The Water Hazard at Myrtle Beach golf courses


The game of golf is one that is played for enjoyment. However, one of the most frustrating parts of this game is when the player is forced to take a penalty stroke after hitting the ball into a water hazard and this happens often on Myrtle Beach golf courses. When a player hits the ball into a water hazard he has many options as to what he may do. In most cases, a penalty stroke must be assessed. However, in some cases, no penalty strokes must be assessed.

When a player hits a wayward shot on a Myrtle Beach golf course the ball may land in what is known as a water hazard. There are two types of water hazards. One type is a regular water hazard, often marked with yellow paint lines; the other type is a lateral water hazard.

Regular water hazards normally take the form of ponds and lakes in front of the green or in some similar form, as you can drop behind them. When the player hits the ball and it lands in a regular water hazard, he has three options. His first option is to play the ball from where it lies in the hazard, if possible, with no penalty. The player may not ground his club in the water hazard; if he does, it constitutes a penalty. This scenario usually only occurs in shallow parts of water hazards where the ball is only partially covered by water. His second option is to go back to where he hit his previous shot and play from there, assessing a one-stroke penalty. This is not a very common option either, but may provide the player some personal advantages if he were to move back. The third and most common option for when a player hits the ball into a regular water hazard is for the player to drop behind the water hazard while assessing a one-stroke penalty. The player must drop behind the water hazard at the point where the ball crossed the regular water hazard line along the line between the hole and the spot on which the ball is to be dropped. The player may go as far back as he wants to on this line for the drop. For some regular water hazards, there a designated drop areas in which the player may drop the ball and take a one-stroke penalty after hitting it in the water hazard of a Myrtle Beach golf course.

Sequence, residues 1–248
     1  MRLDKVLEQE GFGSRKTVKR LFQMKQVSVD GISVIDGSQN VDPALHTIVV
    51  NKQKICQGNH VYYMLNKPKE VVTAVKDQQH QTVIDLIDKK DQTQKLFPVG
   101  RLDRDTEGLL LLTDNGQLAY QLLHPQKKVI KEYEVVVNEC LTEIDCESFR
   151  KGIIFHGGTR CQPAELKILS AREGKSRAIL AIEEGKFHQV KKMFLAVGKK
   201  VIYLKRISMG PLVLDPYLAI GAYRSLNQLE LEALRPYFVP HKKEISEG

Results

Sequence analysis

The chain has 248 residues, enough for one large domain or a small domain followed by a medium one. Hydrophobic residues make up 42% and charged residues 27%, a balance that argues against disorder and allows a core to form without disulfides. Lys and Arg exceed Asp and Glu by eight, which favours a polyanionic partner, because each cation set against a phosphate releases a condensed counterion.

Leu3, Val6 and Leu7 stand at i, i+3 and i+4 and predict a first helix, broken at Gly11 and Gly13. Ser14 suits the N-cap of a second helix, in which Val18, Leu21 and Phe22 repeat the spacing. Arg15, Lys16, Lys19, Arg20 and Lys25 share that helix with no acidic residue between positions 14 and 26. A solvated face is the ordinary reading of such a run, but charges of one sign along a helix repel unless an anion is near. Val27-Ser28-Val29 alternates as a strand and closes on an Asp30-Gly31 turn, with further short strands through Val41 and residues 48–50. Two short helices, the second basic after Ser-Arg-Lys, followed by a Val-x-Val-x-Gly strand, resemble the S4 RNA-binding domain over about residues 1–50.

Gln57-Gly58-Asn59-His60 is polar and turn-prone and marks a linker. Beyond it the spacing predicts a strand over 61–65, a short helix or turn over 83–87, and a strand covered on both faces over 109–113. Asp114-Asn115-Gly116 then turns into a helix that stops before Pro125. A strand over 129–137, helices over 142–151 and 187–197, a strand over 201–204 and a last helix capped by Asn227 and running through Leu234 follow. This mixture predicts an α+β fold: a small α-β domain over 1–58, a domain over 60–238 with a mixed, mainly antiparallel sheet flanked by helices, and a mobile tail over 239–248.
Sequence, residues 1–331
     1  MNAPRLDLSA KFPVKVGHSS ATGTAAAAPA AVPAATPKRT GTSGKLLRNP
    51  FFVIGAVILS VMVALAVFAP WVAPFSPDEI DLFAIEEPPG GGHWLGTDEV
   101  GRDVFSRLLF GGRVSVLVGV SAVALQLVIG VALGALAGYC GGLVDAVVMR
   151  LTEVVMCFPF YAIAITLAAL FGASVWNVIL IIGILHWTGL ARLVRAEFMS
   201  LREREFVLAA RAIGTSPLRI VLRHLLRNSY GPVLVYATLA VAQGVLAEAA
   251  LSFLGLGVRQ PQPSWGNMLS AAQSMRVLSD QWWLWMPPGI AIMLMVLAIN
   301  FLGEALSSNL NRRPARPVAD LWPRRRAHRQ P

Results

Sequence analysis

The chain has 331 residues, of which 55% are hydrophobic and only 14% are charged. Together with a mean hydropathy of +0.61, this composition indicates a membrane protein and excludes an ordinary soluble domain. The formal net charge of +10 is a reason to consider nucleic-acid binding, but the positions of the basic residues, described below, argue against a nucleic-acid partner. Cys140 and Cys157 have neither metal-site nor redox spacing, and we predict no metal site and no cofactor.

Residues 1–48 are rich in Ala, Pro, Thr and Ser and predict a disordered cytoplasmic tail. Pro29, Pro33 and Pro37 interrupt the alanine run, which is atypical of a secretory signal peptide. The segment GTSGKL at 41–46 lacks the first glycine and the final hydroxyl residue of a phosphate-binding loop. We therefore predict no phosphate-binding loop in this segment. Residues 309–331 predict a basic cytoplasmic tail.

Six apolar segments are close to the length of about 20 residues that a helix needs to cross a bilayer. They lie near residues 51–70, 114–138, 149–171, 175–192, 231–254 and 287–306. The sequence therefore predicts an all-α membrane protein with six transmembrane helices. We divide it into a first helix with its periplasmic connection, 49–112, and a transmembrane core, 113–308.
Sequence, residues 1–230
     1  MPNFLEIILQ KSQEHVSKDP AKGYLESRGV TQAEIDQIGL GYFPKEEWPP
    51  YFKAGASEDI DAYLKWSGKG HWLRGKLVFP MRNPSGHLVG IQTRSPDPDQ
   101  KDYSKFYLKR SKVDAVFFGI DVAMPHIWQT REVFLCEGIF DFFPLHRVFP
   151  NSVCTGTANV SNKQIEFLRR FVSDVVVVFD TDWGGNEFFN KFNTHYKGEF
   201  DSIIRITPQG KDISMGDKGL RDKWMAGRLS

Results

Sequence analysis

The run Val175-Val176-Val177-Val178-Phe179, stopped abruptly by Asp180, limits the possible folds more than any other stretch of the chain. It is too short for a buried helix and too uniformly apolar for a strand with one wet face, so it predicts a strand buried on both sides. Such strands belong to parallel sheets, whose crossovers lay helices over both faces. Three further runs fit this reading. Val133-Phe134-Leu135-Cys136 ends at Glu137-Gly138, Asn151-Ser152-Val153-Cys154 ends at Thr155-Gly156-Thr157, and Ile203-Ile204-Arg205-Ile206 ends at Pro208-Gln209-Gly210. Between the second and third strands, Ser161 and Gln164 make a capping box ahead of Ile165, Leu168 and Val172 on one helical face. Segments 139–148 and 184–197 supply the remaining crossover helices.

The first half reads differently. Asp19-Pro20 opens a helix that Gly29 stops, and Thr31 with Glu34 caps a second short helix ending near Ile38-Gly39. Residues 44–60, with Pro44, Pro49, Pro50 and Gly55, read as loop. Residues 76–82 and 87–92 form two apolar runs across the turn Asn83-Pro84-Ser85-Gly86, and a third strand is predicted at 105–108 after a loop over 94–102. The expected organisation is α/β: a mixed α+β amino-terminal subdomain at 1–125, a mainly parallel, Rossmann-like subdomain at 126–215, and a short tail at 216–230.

The procedure after hitting the ball into a lateral water hazard is slightly different. Lateral water hazards are often marked with red paint lines and normally take the form of rivers and streams along the side of the fairway or rough. When playing on a course on the coast looking over the ocean, the ocean is normally played as a lateral water hazard. Lateral water hazards are distinct from regular water hazards in that you cannot drop behind them. All of the same options are available for the lateral water hazard as the regular water hazard, while adding one option. Once the player’s ball is deemed lost in the water hazard, he may drop within two club lengths of the point of entry, no nearer to the hole, while assessing a one-stroke penalty.

Knowledge of how to play water hazards is essential to speedy, efficient, and knowledgeable play at EN Golf Club or any Myrtle Beach golf course.